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Psychology Colloquium with Dr. Chris Oriet

Author: Jennifer Marie McWilliams

Posted on Oct 16, 2019

Category: News and Notices

Dr. Chris Oriet, from the University of Regina, will deliver a colloquium talk entitled "Get set(s) to learn about learning and memory!" The colloquium will take place on Friday, Oct. 18 at 3 p.m. in Keirstead Hall's Snodgrass Lounge (K105). All are welcome and encouraged to attend!

Abstract: After viewing sets of similar-looking objects, such as cars in a parking lot or leaves on a tree, what do observers remember? In this talk, I will explore some of the broader implications of this question, which has formed the core of my research program over the last decade. Since Ariely’s compelling demonstration in 2001 that observers represent the statistical properties of sets of objects in memory rather than the individual members comprising those sets, interest in statistical summary representations (SSRs) has snowballed. Initially, research on SSRs was largely limited to exploring their relationship to capacity limitations in attention. More recent work, however, hints that SSRs might also have an important role in learning and memory. I will first review evidence from my lab suggesting that SSRs can be formed incidentally over an extended period of time, making them an excellent vehicle for exploring questions in learning and memory. Next, I will present the results of several experiments demonstrating how variability in encounters with faces contributes to the process of becoming familiar with them. Finally, I will discuss a line of research using a change detection task to show that the processes involved in encoding the average emotion in a set of faces can be dissociated from the processing of the emotion of individual faces. Taken together, the findings from this research program shape an emerging view of SSRs as a fundamental cognitive process that subserves a much wider array of behaviours than initially thought.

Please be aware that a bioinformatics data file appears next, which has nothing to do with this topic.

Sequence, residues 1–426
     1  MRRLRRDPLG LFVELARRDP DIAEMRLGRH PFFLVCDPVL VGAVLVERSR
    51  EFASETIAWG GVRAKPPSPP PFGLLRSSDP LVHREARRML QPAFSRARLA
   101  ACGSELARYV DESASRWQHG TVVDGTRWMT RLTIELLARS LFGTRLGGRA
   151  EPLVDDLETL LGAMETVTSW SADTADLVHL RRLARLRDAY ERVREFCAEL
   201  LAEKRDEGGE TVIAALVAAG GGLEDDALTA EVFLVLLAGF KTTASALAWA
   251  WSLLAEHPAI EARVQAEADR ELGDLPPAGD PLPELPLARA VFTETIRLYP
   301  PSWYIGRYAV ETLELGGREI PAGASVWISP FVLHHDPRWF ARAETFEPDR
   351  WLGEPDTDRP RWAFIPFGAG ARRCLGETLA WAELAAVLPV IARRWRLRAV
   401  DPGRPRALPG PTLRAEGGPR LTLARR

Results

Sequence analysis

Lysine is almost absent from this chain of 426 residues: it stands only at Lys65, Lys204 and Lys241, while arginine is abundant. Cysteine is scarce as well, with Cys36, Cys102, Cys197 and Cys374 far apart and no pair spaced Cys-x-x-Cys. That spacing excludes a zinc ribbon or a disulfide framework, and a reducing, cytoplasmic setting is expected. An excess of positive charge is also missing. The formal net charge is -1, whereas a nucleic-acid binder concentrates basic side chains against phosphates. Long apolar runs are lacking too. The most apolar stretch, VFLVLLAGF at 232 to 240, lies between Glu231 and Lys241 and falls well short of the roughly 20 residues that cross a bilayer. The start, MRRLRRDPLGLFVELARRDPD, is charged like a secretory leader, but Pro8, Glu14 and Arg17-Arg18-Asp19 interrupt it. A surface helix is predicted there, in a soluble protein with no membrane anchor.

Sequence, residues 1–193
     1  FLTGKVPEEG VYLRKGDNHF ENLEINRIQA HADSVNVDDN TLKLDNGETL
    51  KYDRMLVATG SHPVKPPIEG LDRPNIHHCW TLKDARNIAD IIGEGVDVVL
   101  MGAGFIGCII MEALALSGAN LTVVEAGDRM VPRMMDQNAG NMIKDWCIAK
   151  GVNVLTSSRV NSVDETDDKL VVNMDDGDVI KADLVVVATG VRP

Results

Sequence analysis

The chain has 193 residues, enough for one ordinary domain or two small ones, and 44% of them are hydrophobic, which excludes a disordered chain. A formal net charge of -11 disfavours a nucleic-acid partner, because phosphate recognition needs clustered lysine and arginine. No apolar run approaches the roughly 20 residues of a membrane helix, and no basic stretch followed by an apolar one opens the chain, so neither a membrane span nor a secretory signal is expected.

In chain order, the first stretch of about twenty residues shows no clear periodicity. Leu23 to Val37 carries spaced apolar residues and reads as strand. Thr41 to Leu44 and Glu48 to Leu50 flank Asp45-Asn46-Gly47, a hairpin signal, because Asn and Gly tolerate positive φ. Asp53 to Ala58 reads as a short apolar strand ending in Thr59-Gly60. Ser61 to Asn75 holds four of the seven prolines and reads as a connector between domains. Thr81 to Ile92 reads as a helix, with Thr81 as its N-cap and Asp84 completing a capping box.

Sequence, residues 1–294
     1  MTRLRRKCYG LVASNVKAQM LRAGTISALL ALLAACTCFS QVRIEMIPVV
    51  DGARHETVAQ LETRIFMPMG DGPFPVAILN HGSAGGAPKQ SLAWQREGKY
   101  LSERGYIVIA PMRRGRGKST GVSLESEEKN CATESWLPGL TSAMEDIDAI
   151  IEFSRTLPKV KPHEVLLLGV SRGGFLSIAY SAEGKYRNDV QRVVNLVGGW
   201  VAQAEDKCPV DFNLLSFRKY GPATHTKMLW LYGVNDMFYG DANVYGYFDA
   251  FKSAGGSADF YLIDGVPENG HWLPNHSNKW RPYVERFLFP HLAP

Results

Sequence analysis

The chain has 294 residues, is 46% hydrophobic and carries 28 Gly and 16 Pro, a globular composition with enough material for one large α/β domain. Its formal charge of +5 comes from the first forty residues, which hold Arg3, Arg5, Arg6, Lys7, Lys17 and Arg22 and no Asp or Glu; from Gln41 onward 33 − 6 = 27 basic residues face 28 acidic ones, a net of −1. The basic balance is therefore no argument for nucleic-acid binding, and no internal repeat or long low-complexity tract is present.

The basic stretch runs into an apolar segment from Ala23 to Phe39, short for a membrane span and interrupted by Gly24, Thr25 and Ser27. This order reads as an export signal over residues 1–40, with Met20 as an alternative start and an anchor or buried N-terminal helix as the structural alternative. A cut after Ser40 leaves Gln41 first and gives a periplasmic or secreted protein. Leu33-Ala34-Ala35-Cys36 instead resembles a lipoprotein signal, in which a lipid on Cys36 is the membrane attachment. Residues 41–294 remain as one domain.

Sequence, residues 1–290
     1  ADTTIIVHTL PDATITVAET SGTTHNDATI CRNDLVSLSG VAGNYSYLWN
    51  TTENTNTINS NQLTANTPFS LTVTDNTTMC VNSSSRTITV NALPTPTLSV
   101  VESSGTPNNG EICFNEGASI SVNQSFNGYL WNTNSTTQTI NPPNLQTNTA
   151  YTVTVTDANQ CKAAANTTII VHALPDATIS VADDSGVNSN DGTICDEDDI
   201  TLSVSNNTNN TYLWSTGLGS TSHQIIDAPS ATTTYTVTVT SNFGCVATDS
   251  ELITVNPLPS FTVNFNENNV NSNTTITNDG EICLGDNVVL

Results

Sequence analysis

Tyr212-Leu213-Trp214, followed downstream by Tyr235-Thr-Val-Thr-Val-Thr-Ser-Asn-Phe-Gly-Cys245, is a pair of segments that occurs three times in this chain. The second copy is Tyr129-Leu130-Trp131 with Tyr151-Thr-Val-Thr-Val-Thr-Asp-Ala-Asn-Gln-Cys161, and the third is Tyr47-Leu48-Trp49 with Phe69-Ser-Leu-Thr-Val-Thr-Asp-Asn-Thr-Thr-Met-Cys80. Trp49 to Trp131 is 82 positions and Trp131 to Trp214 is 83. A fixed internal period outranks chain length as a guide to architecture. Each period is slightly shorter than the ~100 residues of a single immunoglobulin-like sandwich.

Category: News and Notices

Article Contact Information

Contact: Jennifer Marie McWilliams

Email Address: Jennifer.Sanford@unb.ca